It’s Another 10 Lessons Learned From Living In Paris

When you live in Paris, you never stop learning, and therefore I knew it would only be a matter of time before I had another Top 10 list ready to go. So without further ado, here are my latest lessons learned from living in Paris.

1) I know that texting has become one of the dominant forms of communication in today’s digital age, but in Paris, it’s a way of life. Parisians simply won’t call you. Everything is done via text; so much so that most phone plans come with unlimited texting, but only about an hour or two worth of calls per month, because that’s all you really need. While I’m not particularly opposed to this method of communication, it can get rather frustrating when I’m trying to type out a paragraph on a mobile that would not look out of place in 2001. I think I may be finally warming up to the idea of getting a smartphone.

2) I may not have the most discerning of tastes when it comes to food, but after seven months in Paris, even I now know that French bread really is the best bread in the world. I’ve lost count of how many baguettes I’ve devoured during my time here, and I am well aware that going forward, no other bread will ever measure up for the rest of my life. However, when it comes time to share baguettes with your fellow Parisians, put the bread knife away, because here, no one cuts bread. If you want some, you simply tear off a piece, even when you’re at group gatherings. It’s a refreshingly informal custom that I’ve come to love.

3) Oftentimes, the bathroom is a separate room from where the toilet will be found, which means you have to be very specific when asking for directions at a party. Additionally, sometimes the bathroom is a separate room altogether located outside of the apartment, and therefore don’t be alarmed if you’re directed out the door and down the hallway past the building’s elevator. No one is trying to get rid of you, it’s just one of the many quirks of living in buildings that are hundreds of years old.

4) In today’s computerized world, typing is no longer a special skill so much as it is a necessity of life. I have grown up typing on a QWERTY keyboard, and until I moved to France, it never even occurred to me that there may be other keyboard layouts. But other layouts there are, and in France, they use what is called the AZERTY keyboard. While I have yet to master the art of typing in this layout, I have managed to trim the time it takes me to write a short email from 30 minutes to a mere 20. I consider this a huge win.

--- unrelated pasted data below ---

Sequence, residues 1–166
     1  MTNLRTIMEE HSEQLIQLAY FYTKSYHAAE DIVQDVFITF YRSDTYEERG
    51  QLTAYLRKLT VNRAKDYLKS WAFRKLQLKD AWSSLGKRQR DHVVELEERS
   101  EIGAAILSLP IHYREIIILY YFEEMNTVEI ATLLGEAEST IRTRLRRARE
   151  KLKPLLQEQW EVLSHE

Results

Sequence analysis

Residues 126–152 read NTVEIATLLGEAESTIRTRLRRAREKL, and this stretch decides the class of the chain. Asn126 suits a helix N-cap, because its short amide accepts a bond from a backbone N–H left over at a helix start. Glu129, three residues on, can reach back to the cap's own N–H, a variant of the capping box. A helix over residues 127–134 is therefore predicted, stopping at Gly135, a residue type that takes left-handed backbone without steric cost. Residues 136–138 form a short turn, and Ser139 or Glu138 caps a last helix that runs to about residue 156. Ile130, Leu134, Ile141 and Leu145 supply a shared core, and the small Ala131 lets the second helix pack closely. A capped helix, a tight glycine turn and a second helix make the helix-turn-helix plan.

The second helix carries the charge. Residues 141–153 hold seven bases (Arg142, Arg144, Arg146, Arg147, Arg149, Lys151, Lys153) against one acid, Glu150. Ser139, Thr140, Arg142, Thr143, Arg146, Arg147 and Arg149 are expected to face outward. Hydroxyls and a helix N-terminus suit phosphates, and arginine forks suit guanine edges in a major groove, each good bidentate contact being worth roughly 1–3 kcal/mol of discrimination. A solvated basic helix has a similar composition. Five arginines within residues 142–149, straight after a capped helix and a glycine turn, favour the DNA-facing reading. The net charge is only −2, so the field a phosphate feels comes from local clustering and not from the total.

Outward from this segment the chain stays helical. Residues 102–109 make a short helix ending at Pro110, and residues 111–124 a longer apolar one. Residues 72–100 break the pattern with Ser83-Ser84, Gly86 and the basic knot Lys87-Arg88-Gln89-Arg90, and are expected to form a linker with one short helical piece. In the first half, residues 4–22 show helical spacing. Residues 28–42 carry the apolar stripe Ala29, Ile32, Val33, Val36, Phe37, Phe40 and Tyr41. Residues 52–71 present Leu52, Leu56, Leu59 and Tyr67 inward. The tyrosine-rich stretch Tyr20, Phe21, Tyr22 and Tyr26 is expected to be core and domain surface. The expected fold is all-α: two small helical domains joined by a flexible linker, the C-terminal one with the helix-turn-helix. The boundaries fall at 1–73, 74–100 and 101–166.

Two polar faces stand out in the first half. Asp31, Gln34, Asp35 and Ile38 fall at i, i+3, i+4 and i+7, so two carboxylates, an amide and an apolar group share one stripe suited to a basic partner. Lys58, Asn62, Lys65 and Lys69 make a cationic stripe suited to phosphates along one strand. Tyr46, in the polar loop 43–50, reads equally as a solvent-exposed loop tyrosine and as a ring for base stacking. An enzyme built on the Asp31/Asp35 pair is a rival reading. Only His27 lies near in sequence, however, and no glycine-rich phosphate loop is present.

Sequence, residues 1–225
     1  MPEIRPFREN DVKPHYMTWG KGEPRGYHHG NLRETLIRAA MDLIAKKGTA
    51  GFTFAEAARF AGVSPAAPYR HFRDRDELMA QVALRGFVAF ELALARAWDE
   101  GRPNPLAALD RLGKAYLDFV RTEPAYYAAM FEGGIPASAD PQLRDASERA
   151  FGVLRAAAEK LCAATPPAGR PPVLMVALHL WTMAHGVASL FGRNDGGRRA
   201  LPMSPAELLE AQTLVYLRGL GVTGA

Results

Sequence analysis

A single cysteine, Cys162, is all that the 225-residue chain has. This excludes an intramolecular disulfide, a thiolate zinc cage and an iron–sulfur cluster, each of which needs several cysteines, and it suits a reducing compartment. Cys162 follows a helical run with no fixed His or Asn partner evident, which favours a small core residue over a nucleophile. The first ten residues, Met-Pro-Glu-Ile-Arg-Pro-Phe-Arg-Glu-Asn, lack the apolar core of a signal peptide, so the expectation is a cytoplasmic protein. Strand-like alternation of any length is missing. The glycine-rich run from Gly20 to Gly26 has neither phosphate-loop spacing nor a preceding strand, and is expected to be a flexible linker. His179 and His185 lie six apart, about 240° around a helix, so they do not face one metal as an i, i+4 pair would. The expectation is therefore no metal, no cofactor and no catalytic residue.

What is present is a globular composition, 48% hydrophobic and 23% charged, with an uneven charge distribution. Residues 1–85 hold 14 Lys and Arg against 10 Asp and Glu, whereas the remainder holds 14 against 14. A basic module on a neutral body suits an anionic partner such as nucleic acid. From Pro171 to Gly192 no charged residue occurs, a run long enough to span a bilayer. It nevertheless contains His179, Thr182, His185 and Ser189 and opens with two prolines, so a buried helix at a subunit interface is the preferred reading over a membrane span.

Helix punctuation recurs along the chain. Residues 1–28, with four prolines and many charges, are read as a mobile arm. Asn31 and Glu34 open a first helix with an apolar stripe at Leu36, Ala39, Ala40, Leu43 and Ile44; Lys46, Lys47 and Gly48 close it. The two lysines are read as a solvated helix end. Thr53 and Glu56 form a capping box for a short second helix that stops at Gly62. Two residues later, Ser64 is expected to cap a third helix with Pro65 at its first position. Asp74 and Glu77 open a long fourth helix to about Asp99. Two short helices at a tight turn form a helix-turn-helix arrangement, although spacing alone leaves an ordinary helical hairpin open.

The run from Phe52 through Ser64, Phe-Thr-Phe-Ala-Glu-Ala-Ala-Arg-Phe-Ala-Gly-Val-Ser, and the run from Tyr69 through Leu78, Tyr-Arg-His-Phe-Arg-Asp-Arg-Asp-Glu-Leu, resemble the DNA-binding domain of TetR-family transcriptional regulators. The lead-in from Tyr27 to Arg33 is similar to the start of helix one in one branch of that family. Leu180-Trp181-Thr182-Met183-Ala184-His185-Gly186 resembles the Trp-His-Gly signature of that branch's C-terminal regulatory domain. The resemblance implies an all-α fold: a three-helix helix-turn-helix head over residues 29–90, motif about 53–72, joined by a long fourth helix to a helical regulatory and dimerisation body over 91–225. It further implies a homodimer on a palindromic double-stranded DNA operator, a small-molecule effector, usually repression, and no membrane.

5) I may be alone in this thinking, but when I’m on public transit systems, I will often choose to stand instead of forcing myself into the one available seat in the corner that would require me to step over half a dozen people to get there. Parisians don’t share this line of thinking, and if there is an empty seat on the Metro, no matter how inaccessible it may be, they will climb over half the train to get there. It really is quite the phenomenon, and is one that has kept me entertained on many a Metro ride.

6) If patience is a virtue, then it is not one that French drivers possess. During my time here, I’ve come to observe that the average time it takes Parisian drivers to honk the horn when something is in their way is approximately four seconds. Even if it is perfectly clear that whatever that obstacle may be will be gone in 5 seconds, they can’t resist a quick honk to make sure everyone is aware of their inconvenience. I’ve observed this phenomenon in many large cities, but in terms of the length of time it takes to reach for that horn, the French win hands down.

7) If you order tiramisu in Paris, it will come in a mason jar. I don’t know why, and I don’t particularly care why. They’re that delicious.

8) There is nothing more stressful in this city than bagging your own groceries at the supermarket, because in France, this task falls to you, the shopper. Seven months in, it still amazes me how people can expertly bag their food, pay, and be out of the way before the next customer in line comes through without so much as breaking a sweat. This is a skill I have yet to acquire, and my incompetence in this matter has gotten to the point that I refuse to go to the supermarket between 5PM and 7PM, because the pressure of rush hour is too much. Seriously.

9) Speaking of the supermarket, be sure that you know exactly when it is open and closed, because there are no such things as 24 hour stores in France. Everything opens and closes at random hours, and invariably, they will always be closed when you need them. Plan accordingly.

10) The aforementioned honking aside, I’ve discovered that everything operates at a lower decibel in Paris, and this is particularly apparent, not to mention most welcome, at restaurants. Even when a place is packed, you never need to raise your voice to be heard, because the French tend to talk much quieter than I’m used to, which keeps the ambient noise down. Since I’ve been living in Paris, I’ve noticed a marked difference in my average volume, and even though I’ve significantly lowered my voice, I still tend to stand out when I’m in restaurants as the loud one. I’m working on it, but old habits die hard.

That’s all for now, but I’m sure there are many more lessons this beautiful city has yet to teach me. Until then, it’s off to the bakery for some baguettes and tiramisu!


Leave a Reply

Your email address will not be published. Required fields are marked *